Category: patent application

How long does it take to get a patent in 2021? And what about COVID-19?

Thursday | June 10, 2021By Shane Skwarekpatent applicationpatent eligibilitypatent lawpatent officepatent office guidancePatent Protection

An applicant secures a patent after successfully prosecuting the patent application at the United States Patent and Trademark Office (USPTO). When the USPTO believes an application embodies an invention worthy of a patent, the USPTO grants a Notice of Allowance.…

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Tesla’s Lasers on Vehicle Patent

Tuesday | March 30, 2021By Shane Skwarekfiling patent applicationpatent applicationpatent attorneypatent claimpatent draftingpatent eligibilitypatent lawpatent lawyerpatent officepatent pendingPatent Protection

In May of 2019, Tesla filed a patent application for “Pulsed Laser Cleaning of Debris Accumulated on Glass Articles in Vehicles and Photovoltaic Assemblies.” Instead of using conventional windshield wipers, Tesla envisioned a system to clean debris from any glass…

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Why Perform a Patentability Search before Filing Your Patent Application?

Monday | March 1, 2021By Shane Skwarekpatent applicationpatent attorneypatent claimpatent draftingpatent eligibilitypatent lawPatent Protection

Patentability searches can be useful to get a better idea of whether an invention can be patented. A good search may prevent the cost of a wasted patent application on an already-invented and published invention, but can also be useful…

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What is the life of a patent in the US?

Monday | November 30, 2020By Shane Skwarekpatentpatent applicationpatent attorney

How long does a US patent last? The term for which a utility patent is valid is generally 20 years from the date of filing, and the term for which a design patent is valid is generally 15 years from…

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When is it too late to file a patent application?

Wednesday | October 7, 2020By Shane Skwarekfiling patent applicationpatent applicationpatent lawyerPatent Protection

Getting the timing right for filing a Patent Application can be tricky. While there are several factors that will bar you from pursuing a Patent if you file too late, it is also possible to file too early. For this…

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Life After Patent Expiration

Wednesday | September 16, 2020By Shane Skwarekpatent applicationpatent expirationPatent Protection

Why can’t patents be renewed once they’ve lived out their 20 years? A patent becomes public domain (free for use by the public) upon its expiration, which is defined as 20 years from the patent’s earliest non-provisional filing date. MPEP…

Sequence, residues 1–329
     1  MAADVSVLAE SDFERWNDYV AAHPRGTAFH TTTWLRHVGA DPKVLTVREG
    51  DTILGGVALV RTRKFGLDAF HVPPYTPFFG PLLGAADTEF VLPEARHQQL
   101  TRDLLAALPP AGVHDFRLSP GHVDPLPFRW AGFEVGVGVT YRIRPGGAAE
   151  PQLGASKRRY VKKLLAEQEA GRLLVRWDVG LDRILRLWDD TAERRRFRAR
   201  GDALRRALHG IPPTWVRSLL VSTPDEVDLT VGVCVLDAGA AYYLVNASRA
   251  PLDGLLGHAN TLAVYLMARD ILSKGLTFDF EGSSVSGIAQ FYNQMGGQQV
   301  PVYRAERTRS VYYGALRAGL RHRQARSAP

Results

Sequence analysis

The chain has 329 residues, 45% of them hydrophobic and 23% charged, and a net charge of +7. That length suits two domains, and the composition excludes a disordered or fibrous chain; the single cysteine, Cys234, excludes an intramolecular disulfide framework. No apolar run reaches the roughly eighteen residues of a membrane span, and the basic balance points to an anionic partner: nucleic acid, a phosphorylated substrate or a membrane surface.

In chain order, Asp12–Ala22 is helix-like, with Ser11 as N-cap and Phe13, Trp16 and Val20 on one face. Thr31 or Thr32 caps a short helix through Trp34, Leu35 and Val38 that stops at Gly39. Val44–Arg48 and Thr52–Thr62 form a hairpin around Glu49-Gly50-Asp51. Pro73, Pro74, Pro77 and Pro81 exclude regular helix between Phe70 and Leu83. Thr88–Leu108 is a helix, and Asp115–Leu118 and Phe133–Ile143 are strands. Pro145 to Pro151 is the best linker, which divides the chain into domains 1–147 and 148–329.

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Filing Amendments under Articles 19 and 34 of the PCT

Wednesday | September 2, 2020By Shane Skwarekpatent applicationPatent Cooperation TreatyPatent ProtectionPCTPCT application

Inventors who file an international application under the Patent Cooperation Treaty (PCT) have an opportunity to amend their application before moving onto filing national applications in participating countries. Articles 19 and 34 are the two provisions from the PCT that…

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Customedia Techs. Patent for Storing Ads Invalidated

Saturday | March 14, 2020By Shane Skwarek35 U.S.C. § 101court rulingpatent applicationpatent eligibilityPatent Protectionpatentability searchsoftware patentsubject-matter eligibility

Patent claims to storing ad data based on user preferences locally at a user's video player were confirmed invalid in Customedia Techs., LLC v. Dish Network Corp., No. 2018-2239, 2020 U.S. App. LEXIS 7005 (Fed. Cir. March 6, 2020). To…

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How can the First Action Interview (FAI) pilot program save me money and time in getting a U.S. patent?

Tuesday | March 3, 2020By Shane Skwarekfirst action interviewintellectual propertypatent applicationpatent lawpatent lawyer

There is no denying it: the First Action Interview Pilot Program at the USPTO is controversial in U.S. patent law. However, if you play your cards right, you can save your company both time and money when applying for a…

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The Patent Office Wanted Us to Pay for What?!?

Monday | December 16, 2019By Shane Skwarekfiling patent applicationpatent applicationpatent lawyerpatent officePatent Protectionsupreme court

The U.S. Supreme Court held that the costs borne by an appellant seeking review of a rejection from the U.S. Patent Office by a District Court do not include the apportioned salaries of the Office's employees in Peter v. Nantkwest.…

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